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Unfinished Tax Business Hurts Economic Recovery


Location: Unknown

As the United States struggles to shake the worst economic downturn in generations, Washington also is wrestling with a growing sense of unease among the public about deficit spending gone wild.

So far, the federal government has tapped 1.5 trillion tax dollars to bail out banks on Wall Street and jump-start spending on Main Street. While it has sustained 99 weeks of unemployment benefits, Washington's spending spree has not led to sustainable job creation and economic growth. It would be shortsighted and flat-out wrong for Congress not to deliver pro-growth, job-creating policies that open up opportunities to earn a good paycheck that pays the bills.

Instead of shoveling deficit dollars at the economy and cranking up tax rates to rationalize even more government spending, we ought to be showering job-creating incentives towards the job-creating engine in America, and that's small business.

Tax incentives that trigger risk-taking by innovators and investors will help create jobs and prosperity in medicine, software technology, communications, renewable energy and biosciences. What's more, policies that encourage exports will translate into higher-paying U.S. jobs throughout the manufacturing, transportation and agriculture sectors.

Just consider the success of the federal Wind Energy Tax Credit. I wrote the 1992 law that has led to exponential growth in the production of electricity generated by wind. Thousands of wind energy manufacturing jobs have been created in communities such as Newton, West Branch, Cedar Rapids and Ft. Madison. Those paychecks circulate through the local economy, helping to generate economic activity for Main Street businesses and contribute to the local tax base.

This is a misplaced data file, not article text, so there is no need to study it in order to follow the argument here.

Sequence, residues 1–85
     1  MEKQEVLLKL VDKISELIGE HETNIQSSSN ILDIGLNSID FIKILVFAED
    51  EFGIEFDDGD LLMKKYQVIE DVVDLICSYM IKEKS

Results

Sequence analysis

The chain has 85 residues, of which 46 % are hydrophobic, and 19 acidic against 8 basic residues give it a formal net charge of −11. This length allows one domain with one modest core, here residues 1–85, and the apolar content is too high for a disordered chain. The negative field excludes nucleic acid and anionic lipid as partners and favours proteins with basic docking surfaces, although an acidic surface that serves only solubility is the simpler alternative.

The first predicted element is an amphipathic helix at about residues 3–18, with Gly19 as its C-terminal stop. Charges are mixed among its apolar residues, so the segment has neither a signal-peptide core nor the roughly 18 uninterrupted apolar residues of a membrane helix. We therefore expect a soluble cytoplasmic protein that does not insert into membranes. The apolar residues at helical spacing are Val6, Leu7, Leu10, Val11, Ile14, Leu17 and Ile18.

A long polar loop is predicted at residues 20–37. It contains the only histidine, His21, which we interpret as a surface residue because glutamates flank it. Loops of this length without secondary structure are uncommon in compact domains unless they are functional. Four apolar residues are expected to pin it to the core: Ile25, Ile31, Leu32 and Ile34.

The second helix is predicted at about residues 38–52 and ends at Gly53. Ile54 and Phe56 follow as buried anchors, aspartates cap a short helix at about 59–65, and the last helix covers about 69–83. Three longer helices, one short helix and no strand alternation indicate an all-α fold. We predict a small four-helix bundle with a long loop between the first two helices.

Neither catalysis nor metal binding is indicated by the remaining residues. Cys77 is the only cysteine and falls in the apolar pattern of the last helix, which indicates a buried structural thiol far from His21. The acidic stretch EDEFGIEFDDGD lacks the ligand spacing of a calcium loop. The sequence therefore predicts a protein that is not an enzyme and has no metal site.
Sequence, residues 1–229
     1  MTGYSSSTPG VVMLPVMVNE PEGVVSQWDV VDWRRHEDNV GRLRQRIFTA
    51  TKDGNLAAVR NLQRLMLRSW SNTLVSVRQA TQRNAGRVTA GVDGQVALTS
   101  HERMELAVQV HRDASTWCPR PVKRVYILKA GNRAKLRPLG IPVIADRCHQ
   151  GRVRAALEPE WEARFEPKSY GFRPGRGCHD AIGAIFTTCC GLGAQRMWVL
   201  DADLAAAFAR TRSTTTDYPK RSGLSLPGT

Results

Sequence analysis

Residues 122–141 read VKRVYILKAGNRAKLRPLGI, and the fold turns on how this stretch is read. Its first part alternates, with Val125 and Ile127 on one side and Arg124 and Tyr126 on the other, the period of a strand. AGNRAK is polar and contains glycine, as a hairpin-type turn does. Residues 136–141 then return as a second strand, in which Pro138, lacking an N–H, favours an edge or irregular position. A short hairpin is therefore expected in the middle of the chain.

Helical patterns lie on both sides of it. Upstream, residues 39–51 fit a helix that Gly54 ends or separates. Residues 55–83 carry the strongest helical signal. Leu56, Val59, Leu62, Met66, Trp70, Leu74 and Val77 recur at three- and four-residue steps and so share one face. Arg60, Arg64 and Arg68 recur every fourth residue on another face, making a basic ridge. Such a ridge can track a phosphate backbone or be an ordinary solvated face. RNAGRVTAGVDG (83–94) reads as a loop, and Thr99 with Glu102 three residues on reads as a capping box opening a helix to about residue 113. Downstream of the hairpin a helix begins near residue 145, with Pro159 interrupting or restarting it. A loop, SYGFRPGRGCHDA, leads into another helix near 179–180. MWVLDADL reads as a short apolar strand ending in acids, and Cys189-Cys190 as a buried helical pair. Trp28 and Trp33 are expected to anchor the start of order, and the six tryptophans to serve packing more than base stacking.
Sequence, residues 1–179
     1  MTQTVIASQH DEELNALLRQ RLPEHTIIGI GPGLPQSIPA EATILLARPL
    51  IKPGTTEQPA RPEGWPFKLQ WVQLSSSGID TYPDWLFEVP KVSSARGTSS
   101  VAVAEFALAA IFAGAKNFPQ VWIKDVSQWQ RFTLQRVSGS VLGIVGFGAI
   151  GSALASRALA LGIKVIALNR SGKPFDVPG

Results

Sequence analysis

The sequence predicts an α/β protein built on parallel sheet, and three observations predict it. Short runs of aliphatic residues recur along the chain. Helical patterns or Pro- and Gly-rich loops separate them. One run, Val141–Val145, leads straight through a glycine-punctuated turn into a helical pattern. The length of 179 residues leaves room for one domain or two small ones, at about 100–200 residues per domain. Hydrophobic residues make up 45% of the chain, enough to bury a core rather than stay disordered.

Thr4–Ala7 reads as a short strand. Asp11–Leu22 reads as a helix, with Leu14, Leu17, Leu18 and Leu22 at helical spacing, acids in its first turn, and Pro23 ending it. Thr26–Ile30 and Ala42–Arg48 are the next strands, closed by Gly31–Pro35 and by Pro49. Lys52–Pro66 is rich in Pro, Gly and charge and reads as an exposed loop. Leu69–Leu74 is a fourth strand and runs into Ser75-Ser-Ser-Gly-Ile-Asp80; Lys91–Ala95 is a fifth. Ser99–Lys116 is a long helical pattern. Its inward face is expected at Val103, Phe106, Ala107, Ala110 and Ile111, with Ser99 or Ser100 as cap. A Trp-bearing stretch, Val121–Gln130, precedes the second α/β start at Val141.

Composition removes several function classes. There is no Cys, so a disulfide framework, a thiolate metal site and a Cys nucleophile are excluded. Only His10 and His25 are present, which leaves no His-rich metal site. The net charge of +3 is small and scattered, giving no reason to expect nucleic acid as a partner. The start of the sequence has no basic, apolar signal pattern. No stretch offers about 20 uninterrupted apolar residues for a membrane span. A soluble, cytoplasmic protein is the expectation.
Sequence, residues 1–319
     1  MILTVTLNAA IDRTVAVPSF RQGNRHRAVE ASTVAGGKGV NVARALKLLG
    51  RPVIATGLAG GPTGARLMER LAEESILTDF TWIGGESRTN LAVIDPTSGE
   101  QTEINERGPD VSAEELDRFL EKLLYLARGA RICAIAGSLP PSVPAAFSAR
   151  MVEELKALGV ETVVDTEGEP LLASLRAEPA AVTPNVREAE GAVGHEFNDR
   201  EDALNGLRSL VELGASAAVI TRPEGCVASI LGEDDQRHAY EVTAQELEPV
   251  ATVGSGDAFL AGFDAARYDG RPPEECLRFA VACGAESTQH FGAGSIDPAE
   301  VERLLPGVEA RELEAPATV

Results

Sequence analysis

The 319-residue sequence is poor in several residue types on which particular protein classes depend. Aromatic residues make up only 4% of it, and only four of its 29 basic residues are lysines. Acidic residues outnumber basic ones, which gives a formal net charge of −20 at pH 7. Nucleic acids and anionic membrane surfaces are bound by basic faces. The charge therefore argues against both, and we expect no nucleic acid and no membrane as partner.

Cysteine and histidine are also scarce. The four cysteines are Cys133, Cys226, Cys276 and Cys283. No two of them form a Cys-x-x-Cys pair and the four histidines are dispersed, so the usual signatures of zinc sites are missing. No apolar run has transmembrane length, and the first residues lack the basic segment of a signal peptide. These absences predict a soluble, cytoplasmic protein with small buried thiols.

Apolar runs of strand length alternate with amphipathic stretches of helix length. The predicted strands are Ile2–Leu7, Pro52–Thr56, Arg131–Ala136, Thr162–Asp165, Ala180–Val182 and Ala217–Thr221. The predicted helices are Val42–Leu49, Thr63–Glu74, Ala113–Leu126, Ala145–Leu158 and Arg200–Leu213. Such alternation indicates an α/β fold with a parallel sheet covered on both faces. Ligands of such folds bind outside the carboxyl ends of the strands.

Now consider the uncertainty facing another promising green energy industry: biodiesel. The federal biodiesel tax credit expired on December 31, 2009. If anyone questions whether tax incentives help generate economic activity, look no further than Iowa's biodiesel industry. Since the federal tax credit ran out, nearly all of Iowa's 15 biodiesel refineries have stopped operations, leading to 2,000 lost jobs. Unfortunately, the current leadership of Congress has refused to allow my bipartisan bill to provide for a long-term extension of the biodiesel tax credit to advance. In the last two decades, Iowa has become a pivotal contributor to U.S. energy security. Federal policy that supports homegrown, renewable energy has sweeping benefits to our economic, energy and national security.

On another front, the leadership of Congress has taken no legislative action to extend the reduced marginal income tax rates that make the federal tax code more progressive and help small businesses grow and hire more workers. In addition, there's been no action to extend lower capital gains and dividends rates, which are necessary to help the economy grow and create new jobs. The tax on dividends alone will nearly triple if no action is taken.

I had the opportunity to co-author the biggest tax cuts in a generation as Chairman and Ranking Member of the Finance Committee, and this tax relief is set to expire at year's end. If Congress does not act, individuals and families will get hit with an average income tax increase of 10 percent. For taxpayers of all income groups, effective federal tax rates will shoot sharply upwards. Considering what happened to Iowa's biodiesel industry, it seems obvious that slapping a 17 percent tax hike on small businesses will not curb unemployment. It's a no-brainer that higher taxes make it harder for small businesses to hire more workers.

If Washington continues to sit upon unfinished tax business, the tepid economic recovery is not going to suddenly enjoy robust growth. The widespread uncertainty surrounding federal tax policy is arguably one reason we are experiencing a jobless recovery.

A growing number of Iowans is starting to wonder if all this government spending is actually driving the United States into a deficit ditch of no return. The disillusioned and debt-weary are calling for the public spigot to be dialed back. So many Iowa households work hard to spend within their means. Washington needs to show some restraint and do a better job protecting the public's money.

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